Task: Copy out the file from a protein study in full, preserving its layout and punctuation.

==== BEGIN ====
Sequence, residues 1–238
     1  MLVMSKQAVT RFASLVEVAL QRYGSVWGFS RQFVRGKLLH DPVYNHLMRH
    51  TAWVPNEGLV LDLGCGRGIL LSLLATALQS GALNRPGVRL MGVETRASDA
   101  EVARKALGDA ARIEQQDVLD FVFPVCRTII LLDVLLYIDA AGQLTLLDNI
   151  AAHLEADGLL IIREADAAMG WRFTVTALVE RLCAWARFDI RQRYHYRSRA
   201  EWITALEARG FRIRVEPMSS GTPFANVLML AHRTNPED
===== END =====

Sequence, residues 1–238
     1  MLVMSKQAVT RFASLVEVAL QRYGSVWGFS RQFVRGKLLH DPVYNHLMRH
    51  TAWVPNEGLV LDLGCGRGIL LSLLATALQS GALNRPGVRL MGVETRASDA
   101  EVARKALGDA ARIEQQDVLD FVFPVCRTII LLDVLLYIDA AGQLTLLDNI
   151  AAHLEADGLL IIREADAAMG WRFTVTALVE RLCAWARFDI RQRYHYRSRA
   201  EWITALEARG FRIRVEPMSS GTPFANVLML AHRTNPED